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What We Will Learn from a Tough Weekend in São Paulo

It's fair to say the São Paulo Grand Prix weekend was one of the toughest of the 2023 Formula One season for the team, scoring just a handful of points at Interlagos.

The issues were evident from the very start of the weekend. It was challenging to find the right working window for the W14 in both qualifying sessions, while our race pace wasn't particularly good in the Sprint and the main race on Sunday.

As you can imagine, it was far from plain sailing for the team as we tried to recover - and with limited options, given the cars were in parc fermé conditions from Friday's qualifying session onwards.

"There was something fundamentally wrong, mechanically," said Toto after the race. "It's not the rear wing or the car being slightly too high, because we're talking a millimetre or two. That is performance but it's not the explanation for why we were so far off."

It was made even more puzzling by the fact we were racing for podiums in the previous two race weekends.

We've typically found across the season we've not got the most out of Sprint weekends and struggled more to find the set-up sweet spot with the car, during the sole practice session.

"Sprint weekends generally haven't been our strength," Toto admitted. "We are working ourselves out of problems most Sprint weekends."

That's something we need to improve for 2024.

We are working ourselves out of problems most Sprint weekends.

Toto Wolff

A positive from both the Sprint and the main race were our fast starts, with our drivers making up ground on both occasions. In the Sprint, George jumped Perez and Norris to storm into P2, but sadly our race pace couldn't hold the faster cars behind and we dropped back.

It was a similar story in the Grand Prix. Lewis made the jump from P5 to P3, weaving around both Aston Martins off the line, while George moved from P8 to P6. However, we quickly had a red flag due to a first corner accident and another standing start.

This time, Lewis lost the place to Fernando, while George jumped ahead of Perez. But despite running P4 and P5 at the end of the opening lap and some hard-fought battles, we just didn't have the race pace across the first stint to hold back the second Red Bull and Aston Martin.

Lewis and George gradually dropped positions through the race, struggling to keep up with the cars ahead and suffering with overheating rear tyres - something we'd also seen in the Sprint as well, and was very hard to correct with the limitations.

"There are moments the car works and then moments it doesn't," said Lewis. "It's so inconsistent throughout the lap. So, we have to figure out what it is. We're slow on the straights and then slow through the corners, sliding through them. Hopefully there's lots of learnings from this weekend."

Lewis eventually crossed the line in P8, but George didn't reach the chequered flag due to high Power Unit oil temperatures. There was a real risk of imminent failure if he continued so we needed to retire the car with 15 laps remaining.

"We were over all the metrics on cooling," explained Toto. "It was the last race for the PU but it is what it is."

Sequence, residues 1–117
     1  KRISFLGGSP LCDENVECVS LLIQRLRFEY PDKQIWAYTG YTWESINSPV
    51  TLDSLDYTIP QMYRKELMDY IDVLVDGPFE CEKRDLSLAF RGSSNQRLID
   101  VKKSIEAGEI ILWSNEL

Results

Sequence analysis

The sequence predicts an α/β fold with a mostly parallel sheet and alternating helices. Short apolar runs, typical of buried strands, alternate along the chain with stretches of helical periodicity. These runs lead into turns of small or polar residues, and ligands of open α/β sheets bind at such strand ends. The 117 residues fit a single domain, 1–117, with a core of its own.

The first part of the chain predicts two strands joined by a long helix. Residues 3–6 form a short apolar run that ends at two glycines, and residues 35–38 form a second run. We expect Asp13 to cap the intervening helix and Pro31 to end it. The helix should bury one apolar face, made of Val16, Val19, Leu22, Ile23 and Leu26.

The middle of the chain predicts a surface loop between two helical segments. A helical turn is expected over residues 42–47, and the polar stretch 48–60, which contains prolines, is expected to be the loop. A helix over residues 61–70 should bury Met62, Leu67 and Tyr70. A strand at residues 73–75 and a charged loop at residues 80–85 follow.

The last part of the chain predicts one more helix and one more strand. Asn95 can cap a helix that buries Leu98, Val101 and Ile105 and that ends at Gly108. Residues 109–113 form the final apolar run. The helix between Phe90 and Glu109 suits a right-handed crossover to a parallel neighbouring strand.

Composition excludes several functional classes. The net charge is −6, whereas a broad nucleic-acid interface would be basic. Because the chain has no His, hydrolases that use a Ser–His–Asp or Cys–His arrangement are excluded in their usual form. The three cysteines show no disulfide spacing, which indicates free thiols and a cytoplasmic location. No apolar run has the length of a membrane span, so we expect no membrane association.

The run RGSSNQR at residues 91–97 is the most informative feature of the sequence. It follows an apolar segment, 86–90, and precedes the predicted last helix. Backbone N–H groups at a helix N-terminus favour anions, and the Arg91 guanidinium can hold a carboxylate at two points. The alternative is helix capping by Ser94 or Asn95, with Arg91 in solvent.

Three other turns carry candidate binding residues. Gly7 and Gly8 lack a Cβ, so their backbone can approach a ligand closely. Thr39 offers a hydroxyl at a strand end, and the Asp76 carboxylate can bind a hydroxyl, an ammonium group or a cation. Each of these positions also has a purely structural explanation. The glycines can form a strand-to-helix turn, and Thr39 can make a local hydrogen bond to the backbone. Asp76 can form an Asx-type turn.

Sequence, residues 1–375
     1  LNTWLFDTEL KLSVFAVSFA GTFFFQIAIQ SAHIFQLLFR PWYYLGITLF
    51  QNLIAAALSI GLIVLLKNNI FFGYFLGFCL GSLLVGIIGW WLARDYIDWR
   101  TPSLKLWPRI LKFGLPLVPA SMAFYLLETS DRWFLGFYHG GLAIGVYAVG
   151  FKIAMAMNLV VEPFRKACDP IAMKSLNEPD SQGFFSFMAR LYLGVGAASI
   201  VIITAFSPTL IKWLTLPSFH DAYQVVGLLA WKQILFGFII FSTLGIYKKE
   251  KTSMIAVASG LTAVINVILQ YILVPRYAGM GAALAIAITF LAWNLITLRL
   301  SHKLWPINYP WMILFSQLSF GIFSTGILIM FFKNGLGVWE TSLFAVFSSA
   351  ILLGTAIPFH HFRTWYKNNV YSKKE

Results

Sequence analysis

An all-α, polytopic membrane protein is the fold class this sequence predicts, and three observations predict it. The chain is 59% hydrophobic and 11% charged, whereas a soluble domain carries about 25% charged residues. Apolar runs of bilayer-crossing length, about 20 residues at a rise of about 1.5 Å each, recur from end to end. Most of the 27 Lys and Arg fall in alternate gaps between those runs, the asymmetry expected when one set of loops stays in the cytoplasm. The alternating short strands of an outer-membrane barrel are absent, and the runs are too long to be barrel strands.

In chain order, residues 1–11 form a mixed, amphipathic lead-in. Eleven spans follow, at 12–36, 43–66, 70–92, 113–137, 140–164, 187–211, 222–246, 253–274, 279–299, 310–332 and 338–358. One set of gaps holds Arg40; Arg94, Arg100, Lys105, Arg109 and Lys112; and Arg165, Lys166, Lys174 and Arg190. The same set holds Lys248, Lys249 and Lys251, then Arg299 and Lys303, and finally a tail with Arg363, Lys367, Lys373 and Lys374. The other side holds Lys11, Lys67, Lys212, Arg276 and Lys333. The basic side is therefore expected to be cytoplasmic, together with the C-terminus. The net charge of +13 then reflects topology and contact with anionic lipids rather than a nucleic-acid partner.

On the weekend itself, George added: "We need to regroup and try and understand what's gone wrong this weekend. Because 12 months ago this was our strongest race and 12 months later, it's our weakest. Very strange."

For the team back in Brixworth, the focus is on investigating why the Power Unit temperatures were so high on George's car. We weren't due to use that PU again anyway, but it's still useful learnings for the future.

We need to regroup and try and understand what's gone wrong this weekend.

George Russell

For the crew in Brackley, it's all about digging into the data and leaving no stone unturned. First, through each department looking into their own areas and uncovering findings they can present to the wider group. So, things like competitor analysis, looking into ride heights, tyre data, aerodynamic performance.

On Tuesday morning the wider performance group will sit down for the main post-race debrief, where each department presents its findings from the weekend and the learnings we can take forward. This particular meeting will be crucial to properly understand our São Paulo struggles.

After the debrief, the departments then go away for separate meetings to work out how to tackle the analysis and actions. Dividing up the workload to ensure everything is covered. This includes work in the simulator, where we'll replay our set-up decisions and see areas we could have improved. A very useful place for us to take learnings from and bring some of those - where relevant - into the final two rounds.

"We have a proper structure, a solid team and that didn't look like a solid team," said Toto. "It's interesting in three consecutive races you're finishing a strong second in two of them, challenging Max and then a week later you're ending up nowhere."

And finally, one thing we won't be forgetting in a hurry is the amazing support we experienced in Brazil. The reception each day was incredible. The response on the drivers' parade was amazing and it really helped us through a difficult weekend.

It was very special to see so many Mercedes caps and flags in the grandstands and also to see your support at home, too. It means a great deal to all of us and makes a big difference. So thank you. We'll come back stronger in Vegas.